The study titled, “Cigarette smokers’ concurrent use of smokeless tobacco: dual use patterns and nicotine exposure,” looked into the patterns of dual users’ product use and nicotine exposure on days when they used cigarettes exclusively (single use) versus days when they consumed both cigarettes and SLTs (dual use).
Forty-six dual users (cigarettes and SLTs) recorded their product use behaviours in real time via ecological momentary assessment for a 2-week longitudinal design, answering questions related to situational factors (eg. location, mood) using this same diary. Moreover, they collected saliva samples each night for later cotinine measurement, and at the end of the 2-week period, they reported their reasons for and beliefs about SLT use.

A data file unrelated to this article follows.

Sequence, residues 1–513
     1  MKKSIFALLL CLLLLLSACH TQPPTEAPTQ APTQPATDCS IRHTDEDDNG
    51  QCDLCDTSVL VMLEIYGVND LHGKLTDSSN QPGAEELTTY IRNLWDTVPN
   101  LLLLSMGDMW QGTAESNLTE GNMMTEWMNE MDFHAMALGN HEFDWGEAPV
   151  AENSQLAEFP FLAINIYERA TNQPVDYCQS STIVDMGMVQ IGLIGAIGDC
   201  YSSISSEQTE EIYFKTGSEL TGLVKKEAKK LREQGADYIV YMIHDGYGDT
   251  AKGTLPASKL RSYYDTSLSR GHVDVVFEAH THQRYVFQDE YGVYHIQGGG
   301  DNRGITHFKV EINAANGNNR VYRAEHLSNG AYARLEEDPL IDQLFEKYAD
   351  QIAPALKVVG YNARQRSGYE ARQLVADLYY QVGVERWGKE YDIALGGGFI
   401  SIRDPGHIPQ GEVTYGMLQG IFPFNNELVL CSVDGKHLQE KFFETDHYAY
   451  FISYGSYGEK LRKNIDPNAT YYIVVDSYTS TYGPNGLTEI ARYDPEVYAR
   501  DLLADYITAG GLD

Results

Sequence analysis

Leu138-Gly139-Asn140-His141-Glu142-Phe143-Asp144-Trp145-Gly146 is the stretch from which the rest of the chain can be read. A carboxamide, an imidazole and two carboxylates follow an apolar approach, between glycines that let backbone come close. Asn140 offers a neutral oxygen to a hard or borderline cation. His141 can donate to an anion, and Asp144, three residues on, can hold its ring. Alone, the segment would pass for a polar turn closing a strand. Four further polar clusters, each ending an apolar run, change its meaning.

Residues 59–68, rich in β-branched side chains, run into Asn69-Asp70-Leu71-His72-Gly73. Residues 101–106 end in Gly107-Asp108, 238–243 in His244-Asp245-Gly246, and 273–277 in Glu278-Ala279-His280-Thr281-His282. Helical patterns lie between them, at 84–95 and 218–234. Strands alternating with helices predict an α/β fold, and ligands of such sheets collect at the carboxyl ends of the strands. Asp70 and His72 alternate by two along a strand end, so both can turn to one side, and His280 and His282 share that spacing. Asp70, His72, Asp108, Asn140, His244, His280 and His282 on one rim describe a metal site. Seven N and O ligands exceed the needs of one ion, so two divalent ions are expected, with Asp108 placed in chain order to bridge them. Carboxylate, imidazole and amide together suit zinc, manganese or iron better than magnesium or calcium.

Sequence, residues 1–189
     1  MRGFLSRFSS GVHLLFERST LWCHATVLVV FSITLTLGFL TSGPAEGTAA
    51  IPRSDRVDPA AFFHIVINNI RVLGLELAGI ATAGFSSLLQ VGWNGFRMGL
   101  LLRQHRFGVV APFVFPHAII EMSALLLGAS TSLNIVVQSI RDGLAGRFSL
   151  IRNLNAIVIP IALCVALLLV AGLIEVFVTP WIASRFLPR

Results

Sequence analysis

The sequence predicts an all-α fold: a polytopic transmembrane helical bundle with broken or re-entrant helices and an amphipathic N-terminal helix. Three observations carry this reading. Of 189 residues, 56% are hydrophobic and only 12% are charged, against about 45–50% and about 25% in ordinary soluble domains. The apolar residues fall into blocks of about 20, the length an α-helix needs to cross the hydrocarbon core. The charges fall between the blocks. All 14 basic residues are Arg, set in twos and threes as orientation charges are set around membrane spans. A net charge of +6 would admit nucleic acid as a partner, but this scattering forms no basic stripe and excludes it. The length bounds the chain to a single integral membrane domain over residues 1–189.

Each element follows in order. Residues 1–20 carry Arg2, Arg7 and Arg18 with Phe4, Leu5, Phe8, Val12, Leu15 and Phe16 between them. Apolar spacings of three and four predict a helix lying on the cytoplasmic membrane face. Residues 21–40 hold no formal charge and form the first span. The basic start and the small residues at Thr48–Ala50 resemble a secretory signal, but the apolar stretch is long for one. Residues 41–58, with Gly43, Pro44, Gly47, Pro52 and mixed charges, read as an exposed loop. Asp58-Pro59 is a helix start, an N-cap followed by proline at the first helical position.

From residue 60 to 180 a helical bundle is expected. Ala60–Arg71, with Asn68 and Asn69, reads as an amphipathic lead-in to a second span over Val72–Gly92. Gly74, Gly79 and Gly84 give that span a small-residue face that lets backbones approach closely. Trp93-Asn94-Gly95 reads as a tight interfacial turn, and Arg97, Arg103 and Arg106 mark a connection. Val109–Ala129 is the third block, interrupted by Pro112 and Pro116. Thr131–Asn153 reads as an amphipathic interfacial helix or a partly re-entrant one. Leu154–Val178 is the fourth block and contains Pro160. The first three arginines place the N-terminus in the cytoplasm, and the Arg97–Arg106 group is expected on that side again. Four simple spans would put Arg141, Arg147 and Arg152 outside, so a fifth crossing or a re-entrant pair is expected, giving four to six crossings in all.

The compiled data indicated higher cotinine levels on dual versus single use days. The number of cigarettes logged was higher on dual versus single use days. Product use was distinguished by situational factors, with the strongest predictor being location of use.
The effect of indoor smoking restrictions
An interesting factor that was highlighted was the fact that many smokers was motivated to start using SLTs to make up for not being able to smoke in certain spaces. “The most common reason for initiating (56.52%) and continuing (67.39%) SLT use was to circumvent indoor smoking restrictions.”
“Results support the idea of product supplementation rather than replacement among this convenience sample of dual users. For smokers whose primary motivation for SLT use involves situations where they would otherwise be tobacco free, the potential benefits of clean indoor air laws may be diminished,” concluded the researchers.
Studies Analysing the Effect of Heated Tobacco Systems on Indoor Air Quality
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